I am also of the camp that doesn't take stats too seriously re the QB position. There is more to the elixir of what makes a QB great/a winner than passer ratings.
I think of Ken Stabler in the NFL and Bernie Faloney in Tigertown as two prime examples of this. Neither had passer ratings, completion percentage, or the like that made one coo with delight reading the sports stat page after a typical game. All they did was win.
For me, the key issue is can the QB in question make the play necessary at crunch time to elevate his team above its opposition week after week? Does the offensive unit have the collective confidence in that man to direct his team down the field to win in a final drive with the game on the line?
Bernie Faloney was that man for the Tiger-Cats if one takes a historical perspective, although Danny Mac at his Ticat peak (1998-1999) certainly had that too.
It made Joe Zuger a winner in Hamilton even though his career numbers don't knock one out perusing them. He was simply a courageous man who gutted the big games out and got the job done. A little more than being a Ravens-vintage Trent Dilfer CFL equivalent for his era, to be sure...with the added bonus of being an all-star punter.
Even so, in the CFL, a combination of passing efficiency and that kind of serendipity is indeed lethal. For me, Doug Flutie at his best had that capacity, even more than Warren Moon (by a bit I would say). Flutie's mobility and ability to improvise out of the pocket made him the prototypical CFL QB.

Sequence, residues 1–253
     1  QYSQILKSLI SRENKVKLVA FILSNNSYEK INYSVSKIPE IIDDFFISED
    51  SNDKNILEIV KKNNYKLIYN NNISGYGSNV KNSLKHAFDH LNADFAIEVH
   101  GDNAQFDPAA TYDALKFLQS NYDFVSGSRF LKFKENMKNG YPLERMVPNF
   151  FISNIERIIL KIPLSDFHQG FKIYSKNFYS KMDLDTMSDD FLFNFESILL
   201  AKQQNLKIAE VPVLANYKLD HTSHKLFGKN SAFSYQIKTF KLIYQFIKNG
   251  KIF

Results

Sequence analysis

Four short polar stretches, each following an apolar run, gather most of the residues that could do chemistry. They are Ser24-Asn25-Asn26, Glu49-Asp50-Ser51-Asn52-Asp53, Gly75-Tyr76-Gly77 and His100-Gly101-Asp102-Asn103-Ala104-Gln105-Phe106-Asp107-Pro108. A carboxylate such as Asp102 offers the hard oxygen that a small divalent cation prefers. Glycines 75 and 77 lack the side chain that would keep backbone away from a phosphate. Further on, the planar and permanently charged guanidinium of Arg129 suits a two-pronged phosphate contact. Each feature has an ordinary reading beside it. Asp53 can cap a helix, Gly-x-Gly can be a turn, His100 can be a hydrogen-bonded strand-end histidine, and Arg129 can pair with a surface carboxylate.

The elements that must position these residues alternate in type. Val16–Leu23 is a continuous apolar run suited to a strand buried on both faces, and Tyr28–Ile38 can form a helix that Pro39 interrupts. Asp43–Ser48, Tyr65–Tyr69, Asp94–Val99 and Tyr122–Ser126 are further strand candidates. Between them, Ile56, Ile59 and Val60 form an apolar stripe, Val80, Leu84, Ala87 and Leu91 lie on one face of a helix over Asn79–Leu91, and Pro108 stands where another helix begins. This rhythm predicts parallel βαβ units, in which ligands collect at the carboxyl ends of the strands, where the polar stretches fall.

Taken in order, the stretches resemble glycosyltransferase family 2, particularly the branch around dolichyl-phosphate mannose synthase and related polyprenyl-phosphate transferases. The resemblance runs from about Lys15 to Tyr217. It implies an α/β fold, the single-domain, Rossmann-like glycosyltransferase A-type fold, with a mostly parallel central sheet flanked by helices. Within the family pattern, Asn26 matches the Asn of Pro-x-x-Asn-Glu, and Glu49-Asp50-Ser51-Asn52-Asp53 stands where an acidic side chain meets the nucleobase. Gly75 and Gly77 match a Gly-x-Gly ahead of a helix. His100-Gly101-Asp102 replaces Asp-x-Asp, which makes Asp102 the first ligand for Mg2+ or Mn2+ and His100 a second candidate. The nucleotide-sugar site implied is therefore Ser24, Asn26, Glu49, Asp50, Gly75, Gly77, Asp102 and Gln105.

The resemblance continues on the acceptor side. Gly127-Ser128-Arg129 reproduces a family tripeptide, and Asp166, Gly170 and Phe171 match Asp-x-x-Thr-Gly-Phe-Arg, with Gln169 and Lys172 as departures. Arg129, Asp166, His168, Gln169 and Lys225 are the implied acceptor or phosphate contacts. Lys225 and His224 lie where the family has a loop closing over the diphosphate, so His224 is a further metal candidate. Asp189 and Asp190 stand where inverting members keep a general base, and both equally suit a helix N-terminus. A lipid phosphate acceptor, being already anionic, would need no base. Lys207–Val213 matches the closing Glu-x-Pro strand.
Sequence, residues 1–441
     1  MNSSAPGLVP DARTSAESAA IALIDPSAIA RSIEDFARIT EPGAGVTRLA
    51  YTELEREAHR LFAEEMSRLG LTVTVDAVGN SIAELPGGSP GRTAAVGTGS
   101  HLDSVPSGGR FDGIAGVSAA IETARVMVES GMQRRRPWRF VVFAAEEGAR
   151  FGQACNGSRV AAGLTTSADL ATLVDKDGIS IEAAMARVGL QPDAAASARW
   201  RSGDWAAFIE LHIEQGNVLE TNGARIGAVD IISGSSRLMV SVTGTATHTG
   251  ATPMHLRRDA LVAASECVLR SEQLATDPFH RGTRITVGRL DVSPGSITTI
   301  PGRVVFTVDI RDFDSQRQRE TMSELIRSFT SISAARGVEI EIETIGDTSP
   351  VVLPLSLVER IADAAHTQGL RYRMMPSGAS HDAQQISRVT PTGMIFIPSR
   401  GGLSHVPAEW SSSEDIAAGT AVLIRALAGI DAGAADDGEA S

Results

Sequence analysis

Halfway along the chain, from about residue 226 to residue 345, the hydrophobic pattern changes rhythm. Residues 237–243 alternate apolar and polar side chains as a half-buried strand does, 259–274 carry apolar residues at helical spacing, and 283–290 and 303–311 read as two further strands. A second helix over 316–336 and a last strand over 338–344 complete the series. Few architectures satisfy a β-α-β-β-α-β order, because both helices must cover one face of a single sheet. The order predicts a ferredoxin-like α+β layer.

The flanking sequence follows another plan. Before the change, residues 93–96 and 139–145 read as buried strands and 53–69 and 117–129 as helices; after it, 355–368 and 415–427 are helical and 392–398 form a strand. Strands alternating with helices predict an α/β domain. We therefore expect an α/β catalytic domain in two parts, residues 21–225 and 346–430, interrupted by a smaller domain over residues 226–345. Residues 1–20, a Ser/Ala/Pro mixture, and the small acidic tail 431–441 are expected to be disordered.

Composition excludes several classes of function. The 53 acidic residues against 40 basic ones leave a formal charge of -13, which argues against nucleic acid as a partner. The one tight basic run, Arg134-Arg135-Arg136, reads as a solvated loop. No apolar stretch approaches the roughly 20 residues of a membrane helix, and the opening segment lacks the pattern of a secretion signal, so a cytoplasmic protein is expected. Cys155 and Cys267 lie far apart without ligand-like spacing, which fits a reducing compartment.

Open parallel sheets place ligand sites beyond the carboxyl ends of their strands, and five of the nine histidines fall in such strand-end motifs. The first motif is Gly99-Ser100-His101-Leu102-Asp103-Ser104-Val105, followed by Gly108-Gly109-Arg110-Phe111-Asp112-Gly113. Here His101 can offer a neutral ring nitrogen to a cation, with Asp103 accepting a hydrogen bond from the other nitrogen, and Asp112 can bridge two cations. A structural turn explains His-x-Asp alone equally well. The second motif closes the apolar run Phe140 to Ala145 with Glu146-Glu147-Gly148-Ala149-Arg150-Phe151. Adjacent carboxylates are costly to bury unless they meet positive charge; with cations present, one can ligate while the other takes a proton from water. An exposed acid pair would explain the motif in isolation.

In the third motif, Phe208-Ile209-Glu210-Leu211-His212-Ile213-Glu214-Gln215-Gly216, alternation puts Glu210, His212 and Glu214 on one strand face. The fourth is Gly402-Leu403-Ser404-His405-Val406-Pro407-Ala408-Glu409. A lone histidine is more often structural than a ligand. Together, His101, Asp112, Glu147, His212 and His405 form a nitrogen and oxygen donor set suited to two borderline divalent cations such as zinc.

I don't think Bernie Faloney was as efficient as Doug stats-wise, obviously, but I think it is reasonable to suggest that the intangible of leadership is what allows QBs of differing abilities to be included in the convo of "who do you want under center with the game on the line?"
It is that element that shakes down after a period of time goes by, usually. Tom Brady would never have become the legend he is now if people had simply took a look at his Michigan stats and said "see, backup material!" Brady took his opportunity when it presented itself and the rest is living history.
Would the Pats have had the dynasty they had in this era with Drew Bledsoe at the controls? I have my answer, and leadership is the criterion.
Time tells at the QB position. We will get a better idea from training camp whether Maas can rebound or if one of the aspirants can make an impact and get in line to become the main guy.
Oski Wee Wee,